Amidst all of this, Roz gets a serious subplot that again feels mostly like set-up but at least gets in a few decent jokes. I like how she's unable to grasp Julia's honest congratulations, and the latter's remark that Frasier's callers are simply "pathetic code-three whackadoos". Having Roz leave KACL is a pretty bold move, particularly since at the time I could imagine fans worrying that Peri Gilpin was actually being shown the door. Given how Roz's ambitions have become more prominent, it makes perfect sense that she would take on a new role. I can't help imagining that the show could have developed differently if Kenny had left in "Kissing Cousin" and been replaced by Roz, just to add a new dynamic. (Imagine Roz as the boss of Gil, Bulldog and Noel!) It all feels quite sudden how quickly she just leaves the building, which is a bit of a disappointment, but this will get picked up again next week. The Woody Wiswell scene is a great laugh, though, even if he's one of the most handsome men to have appeared on the show, so you'd think she'd remember more!

Much like the closing arc of season 8, "Analyzed Kiss" gives the feel of being far too many things at once, and none of them particularly satisfactory. My interest in all of the characters keeps this from being a hard slog, but it has the distinct feeling of being a mandatory chore for the writers rather than a joy, and that's a grave moment for any show.


Rating: 67%

 

ANALYZED KISS, Dec 17, 2005

Reviewer: Cake for Brains from Manchester, UK


After the brilliance of the previous episode ‘Fathers and Sons’ this one couldn’t be more different and contrasts the former gem enormously. I suppose the only good thing to come out of the mess that was ‘Analyzed Kiss’ was the satisfactory knowledge of knowing that this was the last time the credit ‘written by Saladin K. Patterson’ would come up on screen because this dreadful author left at the end of this season and was replaced by a team of much, much more competent writers. This episode also develops the relationship between Frasier and Julia, and after they share a kiss in a closet, Frasier is left wondering why she did this. I found the other plot with Roz receiving a call from radio station KPXY out of the blue, although offering Peri Gilpin a larger role to play in the episode, strangely unnecessary. I could be wrong here but I imagine NBC were trying to inject some emotional drama into the show in order to boost the ratings, but I felt that this storyline wasn’t needed.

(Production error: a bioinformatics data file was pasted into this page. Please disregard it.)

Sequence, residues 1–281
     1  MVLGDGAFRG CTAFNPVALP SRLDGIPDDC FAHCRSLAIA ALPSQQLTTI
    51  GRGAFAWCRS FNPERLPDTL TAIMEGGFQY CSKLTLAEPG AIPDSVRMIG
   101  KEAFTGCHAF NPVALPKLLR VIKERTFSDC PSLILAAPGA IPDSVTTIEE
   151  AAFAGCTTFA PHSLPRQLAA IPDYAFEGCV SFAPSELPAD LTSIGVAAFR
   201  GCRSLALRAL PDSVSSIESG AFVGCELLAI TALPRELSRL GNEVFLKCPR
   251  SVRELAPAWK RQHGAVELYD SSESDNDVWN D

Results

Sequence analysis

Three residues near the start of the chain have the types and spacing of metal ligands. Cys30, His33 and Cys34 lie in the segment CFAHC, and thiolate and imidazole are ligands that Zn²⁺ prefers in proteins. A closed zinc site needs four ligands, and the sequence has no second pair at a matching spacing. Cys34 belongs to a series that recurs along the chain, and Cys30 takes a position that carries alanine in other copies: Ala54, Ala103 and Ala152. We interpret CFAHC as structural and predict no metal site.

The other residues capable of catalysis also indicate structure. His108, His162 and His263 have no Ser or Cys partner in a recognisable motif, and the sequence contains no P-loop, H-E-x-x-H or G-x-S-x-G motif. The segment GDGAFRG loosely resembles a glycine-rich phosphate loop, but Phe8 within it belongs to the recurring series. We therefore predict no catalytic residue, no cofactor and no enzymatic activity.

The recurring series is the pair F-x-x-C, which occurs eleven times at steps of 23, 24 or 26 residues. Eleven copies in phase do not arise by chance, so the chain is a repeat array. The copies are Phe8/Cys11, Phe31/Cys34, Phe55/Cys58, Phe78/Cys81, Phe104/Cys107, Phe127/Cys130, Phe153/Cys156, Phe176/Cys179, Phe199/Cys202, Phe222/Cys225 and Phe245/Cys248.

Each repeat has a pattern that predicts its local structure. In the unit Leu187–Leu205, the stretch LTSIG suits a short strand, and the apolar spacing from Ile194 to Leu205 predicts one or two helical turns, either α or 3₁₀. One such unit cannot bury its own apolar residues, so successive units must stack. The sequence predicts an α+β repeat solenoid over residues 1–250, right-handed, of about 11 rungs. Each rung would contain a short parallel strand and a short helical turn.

I have still failed to notice any chemistry between Kelsey Grammer and Felicity Huffman, but I can’t say I was surprised to see them share a passionate kiss. I presume that this device was again an attempt to place some drama into Frasier, because this whole section was devoid of any laughs and felt very weak indeed in my opinion. The plot is basically Julia attempting to get some files from her ex-boyfriend’s office (Avery from Farewell Nervosa) and as an act of kindness Frasier agrees to accompany her. To escape being seen by the cleaning lady, they hide in the closet and Julia (apparently to shut Frasier up) kisses him, which leaves him wondering why she did this. To me, this sudden burst of desirous passion felt very soap-opera like, like a scene from a serial drama and not a sophisticated Emmy laden sitcom. I’m digressing here though, but I found this subplot very dull indeed, and although I liked Julia’s description of Frasier as ‘a teddy bear she just wanted to hug until its head fell off’ reasonably amusing, this episode amounted to nothing more than a contrived cliffhanger, to which I couldn’t care less about the outcome.